Merritt Parkway Work: The End Is Not Near

Construction work on the Merritt Parkway — from before Exit 41 to beyond Exit 42 — has been going on, it seems since dinosaurs and Studebakers roamed the earth.

The $56 million project includes upgrades to pavement, guardrails and drainage, and restoration of “historic concrete.”

It’s bad enough for drivers (who must navigate frighteningly tight concrete barriers, including on- and off-ramps) and residents (who have endured noise, dust and the destruction of acres of woodlands).

Concrete barriers and no shoulders make driving on the Merritt Parkway a life-in-your-hands experience. (Photo/Bob Mitchell)

But right now, work seems stalled. What’s happening? When will it resume? And how long will it take?

I asked Jonathan Steinberg, Westport’s state representative. He sits on the Transportation Committee, and lives not far from the endless mess.

A Department of Transportation representative told him that right now, there’s a restriction: Work cannot proceed after 11 p.m.

Because of that, the contractor — Manafort Brothers — has stopped work altogether. They say that with just a 3 1/2-hour night window, the project is not feasible. (Work cannot begin until 7:30 p.m., after rush hour.)

“It’s a tough spot,” the DOT rep wrote to Steinberg. “Everybody bought houses there due to the woodland setting and close proximity to a major travel way. The Parkway is over 75 years old and a project of the magnitude may come only once every 30 years. It’s safer if we cut the rock back for all of the travelers.”

However, the DOT official continued, “I agree that the noise we are making now is probably the worst, and this is only Southbound there is another opposite in the Northbound shoulder.”

DOT is “looking at various options that include reducing the amount of rock removed and beefing up the guide rail. Compensating the Contractor for his lost production. Utilizing day time lane closures. Allowing full shift work but on limited nights.”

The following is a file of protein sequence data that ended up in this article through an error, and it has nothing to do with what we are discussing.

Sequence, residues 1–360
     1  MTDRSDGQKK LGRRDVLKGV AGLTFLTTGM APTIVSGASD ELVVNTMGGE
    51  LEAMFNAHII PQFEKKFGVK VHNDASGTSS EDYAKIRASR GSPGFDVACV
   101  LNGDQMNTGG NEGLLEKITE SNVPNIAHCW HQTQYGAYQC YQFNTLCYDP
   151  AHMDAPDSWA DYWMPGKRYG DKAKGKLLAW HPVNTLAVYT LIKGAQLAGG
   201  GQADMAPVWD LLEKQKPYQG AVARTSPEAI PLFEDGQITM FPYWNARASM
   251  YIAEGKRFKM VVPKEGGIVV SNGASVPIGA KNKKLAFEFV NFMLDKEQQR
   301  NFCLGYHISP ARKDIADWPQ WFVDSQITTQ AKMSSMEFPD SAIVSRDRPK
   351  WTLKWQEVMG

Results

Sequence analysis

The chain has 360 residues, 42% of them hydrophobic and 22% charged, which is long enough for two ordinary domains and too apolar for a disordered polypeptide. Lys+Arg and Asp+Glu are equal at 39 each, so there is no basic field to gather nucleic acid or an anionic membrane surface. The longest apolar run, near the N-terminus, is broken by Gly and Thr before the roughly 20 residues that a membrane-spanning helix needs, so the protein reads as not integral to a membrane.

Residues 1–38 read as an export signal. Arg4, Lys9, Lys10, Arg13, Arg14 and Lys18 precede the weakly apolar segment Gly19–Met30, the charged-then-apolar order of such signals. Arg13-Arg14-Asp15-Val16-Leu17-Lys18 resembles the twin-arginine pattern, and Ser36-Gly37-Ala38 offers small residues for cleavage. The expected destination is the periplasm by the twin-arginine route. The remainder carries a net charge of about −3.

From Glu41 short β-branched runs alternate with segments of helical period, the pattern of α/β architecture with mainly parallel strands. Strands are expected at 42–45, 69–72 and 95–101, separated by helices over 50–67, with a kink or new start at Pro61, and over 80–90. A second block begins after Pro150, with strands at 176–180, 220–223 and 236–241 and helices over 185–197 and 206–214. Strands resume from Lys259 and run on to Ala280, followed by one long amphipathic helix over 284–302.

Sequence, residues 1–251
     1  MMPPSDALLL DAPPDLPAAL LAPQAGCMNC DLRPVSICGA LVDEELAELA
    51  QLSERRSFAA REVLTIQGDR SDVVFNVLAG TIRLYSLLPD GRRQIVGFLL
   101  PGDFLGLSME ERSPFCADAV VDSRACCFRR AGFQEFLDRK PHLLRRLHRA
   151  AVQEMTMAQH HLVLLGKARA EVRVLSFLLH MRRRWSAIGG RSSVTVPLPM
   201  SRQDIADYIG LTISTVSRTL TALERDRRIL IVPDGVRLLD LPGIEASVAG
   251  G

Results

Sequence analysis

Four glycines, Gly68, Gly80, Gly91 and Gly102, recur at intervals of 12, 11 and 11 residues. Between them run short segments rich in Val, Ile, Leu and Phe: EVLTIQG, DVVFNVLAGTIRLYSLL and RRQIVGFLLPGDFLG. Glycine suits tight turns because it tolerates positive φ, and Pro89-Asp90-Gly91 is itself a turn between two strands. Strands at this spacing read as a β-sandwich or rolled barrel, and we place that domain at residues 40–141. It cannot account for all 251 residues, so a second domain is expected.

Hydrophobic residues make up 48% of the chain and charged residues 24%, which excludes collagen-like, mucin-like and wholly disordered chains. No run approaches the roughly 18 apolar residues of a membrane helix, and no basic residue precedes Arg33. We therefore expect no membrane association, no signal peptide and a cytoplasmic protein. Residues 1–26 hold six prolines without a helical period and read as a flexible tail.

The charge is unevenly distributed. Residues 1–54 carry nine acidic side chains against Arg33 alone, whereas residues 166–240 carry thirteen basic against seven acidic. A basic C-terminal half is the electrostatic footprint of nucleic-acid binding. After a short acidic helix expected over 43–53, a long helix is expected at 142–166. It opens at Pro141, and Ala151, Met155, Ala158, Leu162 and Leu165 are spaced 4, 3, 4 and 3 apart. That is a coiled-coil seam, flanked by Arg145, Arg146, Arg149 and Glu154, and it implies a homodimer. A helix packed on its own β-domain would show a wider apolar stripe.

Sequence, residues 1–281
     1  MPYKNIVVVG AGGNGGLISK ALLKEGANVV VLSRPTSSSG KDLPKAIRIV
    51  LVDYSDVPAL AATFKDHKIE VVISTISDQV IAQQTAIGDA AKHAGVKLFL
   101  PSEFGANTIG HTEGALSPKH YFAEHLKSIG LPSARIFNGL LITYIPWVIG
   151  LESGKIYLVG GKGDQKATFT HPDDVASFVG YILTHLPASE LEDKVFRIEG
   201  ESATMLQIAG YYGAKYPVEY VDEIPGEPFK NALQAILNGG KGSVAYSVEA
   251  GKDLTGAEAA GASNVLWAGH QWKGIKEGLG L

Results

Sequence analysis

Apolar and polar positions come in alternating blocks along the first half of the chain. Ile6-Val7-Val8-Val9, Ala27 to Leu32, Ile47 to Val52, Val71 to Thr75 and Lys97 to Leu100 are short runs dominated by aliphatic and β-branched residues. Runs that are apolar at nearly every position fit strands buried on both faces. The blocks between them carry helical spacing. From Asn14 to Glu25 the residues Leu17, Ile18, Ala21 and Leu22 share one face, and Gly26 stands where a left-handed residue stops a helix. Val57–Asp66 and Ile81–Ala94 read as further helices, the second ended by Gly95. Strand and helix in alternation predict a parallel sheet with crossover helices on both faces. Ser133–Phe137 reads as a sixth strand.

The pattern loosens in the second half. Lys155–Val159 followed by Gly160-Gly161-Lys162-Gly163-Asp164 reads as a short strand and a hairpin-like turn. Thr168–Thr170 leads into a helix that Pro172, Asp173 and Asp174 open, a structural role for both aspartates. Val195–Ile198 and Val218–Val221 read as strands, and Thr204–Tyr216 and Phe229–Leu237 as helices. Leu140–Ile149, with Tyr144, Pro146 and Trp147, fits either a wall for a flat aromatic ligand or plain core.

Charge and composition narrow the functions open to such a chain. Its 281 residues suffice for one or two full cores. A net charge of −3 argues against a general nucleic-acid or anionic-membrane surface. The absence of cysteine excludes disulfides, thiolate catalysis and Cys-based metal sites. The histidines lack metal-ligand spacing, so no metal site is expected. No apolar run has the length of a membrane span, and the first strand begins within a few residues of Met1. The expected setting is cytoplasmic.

However, he concluded — ominously for all — “as of today we do not have a solution.”

12 responses to “Merritt Parkway Work: The End Is Not Near

  1. So why/how did no one recognize the time restrictions when the project was put out to bid?

  2. Kristin Schneeman

    Is it really possible these conditions were not known before construction began? This is insane.

    • Jean Marie Wiesen

      Manafort, as in, the Manafort’s. Really.

      I’ve given up driving that stretch, it’s far too dangerous. It appears that it’s like many other state projects: we’re told one thing at the time of conceptual drawings and years later we’re stuck with a mess. Problem is, there’s nothing we can do once the state has begun the mess.

  3. Is there anything on the roadmap for adding lanes to help ease congestion? I.e. an extra lane on both northbound and southbound i95 would be awesome…even if its an extra fare/toll just for using that lane.

  4. Thanks Dan, quite informative. But I have to ask – just what does our elected state Rep. Steinberg, who (as you noted) sits on the Transportation Committee, propose here as a solution? This is squarely a Westport issue, we need some leadership and action here. Jonathan, care to weigh in?

  5. Please convey to them that cutting the trees has totally soured ne on their project! It’s a hideous mess!

  6. Cathy Smith Barnett '66

    Dan, yes I get the concrete guardrails, but what is that muddy field next to the 41 guard ramp?Looks like they are widening there but it sure is a mess!

  7. *IF* the construction project COULD be operated after 1130pm presumably until 5am or so (before the morning rush hour), how long would the project take before completion? If the work is truly needed and will make that stretch better for the long-term, is there a way to extend the workable hours? Assume the noise would be bothersome for nearby homes, so how have other stretches of the Merritt been allowed “through the night” hours which has been the case in the Greenwich-Darien portion over the past several years. Assume they had the same considerations?

  8. Michael Lonsdale

    Does anyone from the Transportation board know why they have raised the area with fill next to the YMCA at the entrance to Exit 41 North north? It has diverted all the runoff and in the future the access road in and out of the Y will be comprimised with water and ice. There are no drains to eliminate this runoff at present.

  9. Robert Bernard, SHS-1053

    An answer for Joshua Stein who asked about extra lanes:
    Sorry, but the Merritt Parkway was planned and built in about 1935. The planners had lots of room then and thought that 300 ft of right-of-way was plenty.
    That was almost 100 years ago, and probably no one thought that far ahead.

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